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Audio to Go, Pt. 1: Live Overdubbing

Unlike the old days of schlepping bulky tape decks and back-breaking processing equipment, roadie-like strength is no longer a requirement for remote recording.

Posted in Songwriter 101 on January 3, 2005 by

As most home-based producers probably know by now, making music in 30 square feet of living space can have its limitations. For instance, wouldn’t it be nice to have some good old-fashioned ambiance on your demos every once in a while? On the other hand, how are you supposed to get room sound when you don’t have enough room?
There is one good way to add authentic live overdubs that doesn’t involve knocking out walls. The best thing about your portable recorder is that it’s portable - and if you can move it from one end of the house to the other, you can also move it right out the door and into a suitably ample space for the purpose of creating a few ambient add-ons. An empty rehearsal room at the local high school. The nearby VFW that will let you set up your DAW for an hour to two. A natural outdoor amphitheater. And so forth.

Unlike the old days of schlepping bulky tape decks and back-breaking processing equipment, roadie-like strength is no longer a requirement for remote recording. For most simple applications, a basic multitracker, a few mics and mic stands, and some cables will do the trick. If you’re a little light on the recording artillery, don’t sweat it - even small machinery is capable of producing decent sound, so long as you know what you’re doing.

Live Miking
One thing that hasn’t changed over the years is the fine art of live mic placement. Recording off a small guitar amp in a 10x12 practice space is one thing, but harnessing the disparate sounds produced within a larger, more dynamic environment requires a little more thought. Still, it isn’t necessary to empty out the entire mic closet. The basic rule of thumb for ambient recording is one mic very close to the source, with another situated a good distance back for capturing the room acoustics (and some nice natural delay). For the close mic, use a simple dynamic model (a la Shure SM-57); to record the room, if possible go with a large-diaphragm condenser mic. If you’d like to record the room in stereo, use two mics, one situated on either side of the hall. Of if your mic has an adjustable polar pattern, you can set it to its cardioid position for capturing front, back and sides of the room. Later, when arranging your mix in the studio, you can blend the direct and live tracks to taste; accentuating the hall mic will give you a roomier sound, while bringing up the close mic will make the track more focused without loosing its ambient flavor.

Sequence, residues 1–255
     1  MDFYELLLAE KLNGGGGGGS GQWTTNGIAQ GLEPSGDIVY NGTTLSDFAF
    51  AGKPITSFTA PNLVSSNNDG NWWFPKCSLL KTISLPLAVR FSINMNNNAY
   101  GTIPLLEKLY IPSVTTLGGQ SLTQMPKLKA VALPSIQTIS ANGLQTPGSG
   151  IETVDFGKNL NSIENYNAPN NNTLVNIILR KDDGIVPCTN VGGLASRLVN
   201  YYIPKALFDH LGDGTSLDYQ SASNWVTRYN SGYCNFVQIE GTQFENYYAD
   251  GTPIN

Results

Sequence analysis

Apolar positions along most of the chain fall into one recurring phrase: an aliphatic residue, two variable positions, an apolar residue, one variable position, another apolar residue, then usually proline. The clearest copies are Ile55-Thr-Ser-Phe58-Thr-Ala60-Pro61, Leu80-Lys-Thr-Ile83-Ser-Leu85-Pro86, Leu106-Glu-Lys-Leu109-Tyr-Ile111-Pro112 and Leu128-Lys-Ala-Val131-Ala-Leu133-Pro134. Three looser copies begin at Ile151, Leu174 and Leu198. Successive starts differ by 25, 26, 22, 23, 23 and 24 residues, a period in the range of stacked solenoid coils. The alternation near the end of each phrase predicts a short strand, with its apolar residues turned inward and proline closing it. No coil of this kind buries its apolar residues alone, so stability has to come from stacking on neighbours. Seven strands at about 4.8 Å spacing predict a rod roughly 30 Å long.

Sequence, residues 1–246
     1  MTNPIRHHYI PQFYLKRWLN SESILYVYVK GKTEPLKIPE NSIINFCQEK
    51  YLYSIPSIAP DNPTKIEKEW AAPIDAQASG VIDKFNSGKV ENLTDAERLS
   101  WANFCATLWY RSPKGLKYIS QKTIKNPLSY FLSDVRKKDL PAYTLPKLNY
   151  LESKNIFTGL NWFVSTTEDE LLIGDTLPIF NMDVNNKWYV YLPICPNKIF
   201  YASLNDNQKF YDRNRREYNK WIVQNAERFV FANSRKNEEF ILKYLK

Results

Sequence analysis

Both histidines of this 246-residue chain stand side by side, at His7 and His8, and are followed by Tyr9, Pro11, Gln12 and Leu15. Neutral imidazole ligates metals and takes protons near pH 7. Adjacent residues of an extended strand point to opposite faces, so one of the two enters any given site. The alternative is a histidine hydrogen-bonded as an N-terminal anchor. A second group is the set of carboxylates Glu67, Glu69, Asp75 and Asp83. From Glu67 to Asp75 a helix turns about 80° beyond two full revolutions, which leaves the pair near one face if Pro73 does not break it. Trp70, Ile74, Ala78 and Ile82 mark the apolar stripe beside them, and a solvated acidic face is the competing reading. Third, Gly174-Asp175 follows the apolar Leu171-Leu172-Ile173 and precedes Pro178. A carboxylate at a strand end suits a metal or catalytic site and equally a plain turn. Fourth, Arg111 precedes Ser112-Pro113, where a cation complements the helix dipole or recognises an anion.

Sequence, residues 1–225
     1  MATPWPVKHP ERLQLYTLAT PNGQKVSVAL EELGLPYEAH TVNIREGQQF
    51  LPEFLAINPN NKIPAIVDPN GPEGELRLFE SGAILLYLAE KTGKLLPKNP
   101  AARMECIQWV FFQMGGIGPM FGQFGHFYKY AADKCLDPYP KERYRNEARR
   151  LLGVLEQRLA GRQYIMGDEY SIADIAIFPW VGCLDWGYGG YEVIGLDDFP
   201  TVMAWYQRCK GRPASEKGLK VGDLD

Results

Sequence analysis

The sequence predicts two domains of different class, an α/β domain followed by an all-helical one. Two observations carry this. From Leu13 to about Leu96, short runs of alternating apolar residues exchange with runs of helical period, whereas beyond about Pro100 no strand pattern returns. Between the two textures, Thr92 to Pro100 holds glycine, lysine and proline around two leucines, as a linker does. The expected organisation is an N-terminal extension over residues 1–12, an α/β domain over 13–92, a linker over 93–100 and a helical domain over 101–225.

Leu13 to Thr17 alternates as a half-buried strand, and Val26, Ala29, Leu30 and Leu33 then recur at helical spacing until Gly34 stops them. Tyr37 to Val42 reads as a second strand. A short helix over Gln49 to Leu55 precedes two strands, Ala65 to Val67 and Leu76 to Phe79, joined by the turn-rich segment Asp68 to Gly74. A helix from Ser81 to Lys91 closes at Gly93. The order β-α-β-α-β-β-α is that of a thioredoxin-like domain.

For example, let’s say you want to add a live guitar overdub to a backing track recorded at home. For acoustic guitar, place one mic in the vicinity of the soundhole (or, for electric guitar, up against the amp grille cloth) and another positioned at least 15-25 feet back, suspended in the air on a boom mic. This arrangement may also be used for background vocal overdubs (when close miking, use one or two mics suspended directly in front of the singers), and works like a dream for horn parts.

It’s not even necessary to record an actual performance in your borrowed room. For some quick-and-easy ambience, all you have to do is bring your machine with completed studio track, along with a couple of small monitor speakers. Position a few mics some distance back, then play the track through the speakers, recording the live feed onto an available track or two. You can then blend the hall track into the original track at will.

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